In Dominus Iesus (2000) the CDF gave an explanation of "subsists in" significantly different from the one it gave in 1985.
subsists in the Catholic Church as something she can never lose, and we hope that it will continue to increase until the end of time" (Unitatis redintegratio no.
Understanding "subsists in" to mean "continues to exist in," one can also say that the church of Christ subsists--though not fully--in the Orthodox churches.
In Responses to Some Questions, issued in summer 2007, the CDF returned to the question of the meaning of "subsists in." The second question to which it responded is, What is the meaning of the affirmation that the church of Christ subsists in the Catholic Church?
In this explanation of "subsists in," it seems to me that the CDF has conflated the two meanings discussed above.
As I noted above, when the word "subsists" is understood to mean "continues to exist," one can say that the church of Christ subsists, though not fully, in the Orthodox churches, for the reason that since they are "true particular churches," the church of Christ must continue to exist in them.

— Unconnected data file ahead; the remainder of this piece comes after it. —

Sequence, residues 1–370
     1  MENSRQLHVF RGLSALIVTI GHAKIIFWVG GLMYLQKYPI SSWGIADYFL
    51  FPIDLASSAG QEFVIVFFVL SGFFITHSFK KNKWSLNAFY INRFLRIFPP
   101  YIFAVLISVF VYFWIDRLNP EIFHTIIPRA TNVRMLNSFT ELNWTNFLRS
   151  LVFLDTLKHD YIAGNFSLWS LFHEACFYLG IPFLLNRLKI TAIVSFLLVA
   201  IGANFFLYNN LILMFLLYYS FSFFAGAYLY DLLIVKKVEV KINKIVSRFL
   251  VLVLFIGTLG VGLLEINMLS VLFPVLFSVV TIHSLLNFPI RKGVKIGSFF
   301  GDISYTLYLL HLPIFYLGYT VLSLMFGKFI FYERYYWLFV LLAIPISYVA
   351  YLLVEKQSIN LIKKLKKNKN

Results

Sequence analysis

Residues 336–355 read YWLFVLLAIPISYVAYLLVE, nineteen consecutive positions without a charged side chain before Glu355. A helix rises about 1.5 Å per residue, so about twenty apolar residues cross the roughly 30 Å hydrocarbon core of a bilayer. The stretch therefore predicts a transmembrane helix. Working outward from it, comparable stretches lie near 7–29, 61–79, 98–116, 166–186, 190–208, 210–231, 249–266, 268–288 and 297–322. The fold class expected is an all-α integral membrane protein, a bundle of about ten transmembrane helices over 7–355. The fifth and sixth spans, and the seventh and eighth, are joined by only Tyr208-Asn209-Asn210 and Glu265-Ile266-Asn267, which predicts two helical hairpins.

For these things, which have descended by tajall--and even after their descent remain within the scope (iah) of the origin and subsist in its continuous presence--do not possess anything that the origin lacks.
Similarly, man too can only rise and subsist by taking the hand of God and being connected to Him.
Delfin Lee still subsists
in light of our pending petition before the Supreme Court questioning the CA's decision quashing said warrant."
This Church, constituted and organised in this world as a society, subsists in the Catholic Church, governed by the successor of Peter and the Bishops in communion with him."
Nevertheless, the word "subsists" can only be attributed to the Catholic Church alone precisely because it refers to the mark of unity that we profess in the symbols of the faith (I believe ...
Why was the expression "subsists in" adopted instead of the simple word "is"?
* The one Church of Christ, through which he continues his presence and work of salvation, "subsists in the Catholic Church, governed by the successor of Peter and by the bishops in communion with him."
In discussing what it described as the essential role of the Church in salvation, the document also touches on the ecumenical issue when it states that "there exists a single Church of Christ, which subsists in the Catholic Church, governed by the successor of Peter and by the bishops in communion with him."
It notes that the Second Vatican Council also recognized that outside the Church's structure "many elements can be found of sanctification and truth." But it would be wrong to conclude from this that "the one Church of Christ could subsist also in non-Catholic Churches."